SexEquality

Letters to the Editor: Feminism

Last week we ran an article called “The Good, the Bad, and the Feminist.” Here are some responses to that piece.

This letter is in response to the article written by Justin Bolger. His article “The Good, the Bad, and the Feminist,” points out his dislike or disregard for the Feminist Movement. His view of the Feminist movement lacks in facts but more emphasizes the media portrayal of the Feminist Movement.

The stereotypes he discusses in his article are just the negative labels placed on women who are fighting for equality. His misconception of Feminists as having vendettas against men is completely false.

As far as “our goals,” they are NOT to hit men back based on their gender alone. Men do have an ascribed power, authority and status in society. This is demonstrated by the government and in the workplace. To this day, for every $1 a man makes a woman earns 77cents. Why?

This is, simply because she is a woman. My goal as a woman is to be treated as an equal in all aspects of life. There needs to be an equal distribution of opportunities and resources for both genders. There shouldn’t be a different set of rules or expectations for women than there are for men. The expectations should be the same across the board.
Sarah Struiksma


I am writing you in response to your article “The Good, the Bad, and the Feminist” in the May 23, 2012 issue of the Commuter. When I saw the headline I thought it was awesome that a man was writing about feminism. Then sadly I read your first line, ” I hate feminism.” That is a very powerful statement. One that is very powerful and one that keeps inequality between men and women in America.

I feel that you have stereotyped feminist, with exception of Anita Sarkeesian, from maybe what you have heard about a few radical women who happen to be feminist. The thing is, feminist aren’t fighting for more rights than men, we are fighting for equal rights. I don’t think all men are oppressors on purpose, I just think men, yourself included, need to be more educated on this matter.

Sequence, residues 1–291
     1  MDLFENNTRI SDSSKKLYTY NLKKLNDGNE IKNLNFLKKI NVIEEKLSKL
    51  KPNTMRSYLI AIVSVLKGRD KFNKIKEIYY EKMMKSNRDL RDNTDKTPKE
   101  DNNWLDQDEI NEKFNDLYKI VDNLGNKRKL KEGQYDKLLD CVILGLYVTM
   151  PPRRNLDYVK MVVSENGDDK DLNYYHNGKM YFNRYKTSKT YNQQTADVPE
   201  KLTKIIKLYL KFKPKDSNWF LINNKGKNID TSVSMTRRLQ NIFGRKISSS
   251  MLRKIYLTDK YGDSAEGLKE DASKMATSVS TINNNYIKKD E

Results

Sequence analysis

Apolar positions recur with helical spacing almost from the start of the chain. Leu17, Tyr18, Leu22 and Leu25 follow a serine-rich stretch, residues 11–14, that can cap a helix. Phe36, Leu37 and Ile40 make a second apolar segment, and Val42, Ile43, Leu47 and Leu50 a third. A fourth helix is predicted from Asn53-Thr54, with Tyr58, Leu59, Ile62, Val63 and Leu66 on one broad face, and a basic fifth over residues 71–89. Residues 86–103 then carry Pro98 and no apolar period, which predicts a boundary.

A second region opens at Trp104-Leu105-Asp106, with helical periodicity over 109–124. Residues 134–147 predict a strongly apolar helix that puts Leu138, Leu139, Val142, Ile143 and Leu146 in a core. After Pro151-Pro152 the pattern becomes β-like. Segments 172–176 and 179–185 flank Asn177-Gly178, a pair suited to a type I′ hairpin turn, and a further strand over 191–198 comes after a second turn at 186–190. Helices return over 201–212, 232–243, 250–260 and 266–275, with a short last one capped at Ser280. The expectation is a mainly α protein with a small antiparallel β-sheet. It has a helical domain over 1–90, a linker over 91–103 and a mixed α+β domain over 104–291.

When I first took my women’s studies class I was not very thrilled about learning about women’s rights, because I thought it was a bunch of bull. Then, after the first class my view had completely changed on the matter. Women are without a doubt treated unfairly. It is harder for us to get a job. If we do get a job it is less likely that we will get a full time job and we will definitely make less money.

I know there have been some feminist that have given feminism a bad name, but honestly they have a fantastic reason to be annoyed. This is an article I really liked and helped open my eyes. If you choose to read it you might enjoy it as well.

Thank you,
Michelle Anderson
Student at LBCC


I found this article to be very derogatory. Just because you’re a feminist, doesn’t mean that you’re a bad person.

There has been amazing feminists in or past, that has done a lot for women and instead of demolishing them, you should respect them. From a women’s stand point, it’s not our goal to make huge deals about everything because of our hormones. And why shouldn’t women be equal to men?

What makes women so different, that we shouldn’t be treated with the same respect as men? Oh right, it’s our hormones, isn’t it? And it’s not a feminist’s job to socially punish every man, because that is not fair to men today.

Did you know that compared to men, women make 77 cents on every man’s dollar? I bet you didn’t know that. Women have been standing up for what they believe in, and so have men. So my advice to you is not to think that every feminist is the same, because they’re not.

And maybe you should think about taking a women’s studies class, before you demolish all feminists. Sounds like you need to broaden your horizons and get out of your box.

Sincerely
Janelle Ortwine

Commuter Staff

By Commuter Staff

The Commuter is a weekly student-run newspaper for LBCC, financed by student fees and advertising. Opinions expressed in the Commuter do not necessarily reflect those of the LBCC administration, faculty, and associated students of LBCC. Editorials, columns, letters, and cartoons reflect the opinions of the authors. Learn more about the Commuter's staff of contributing writers here.

What do you think?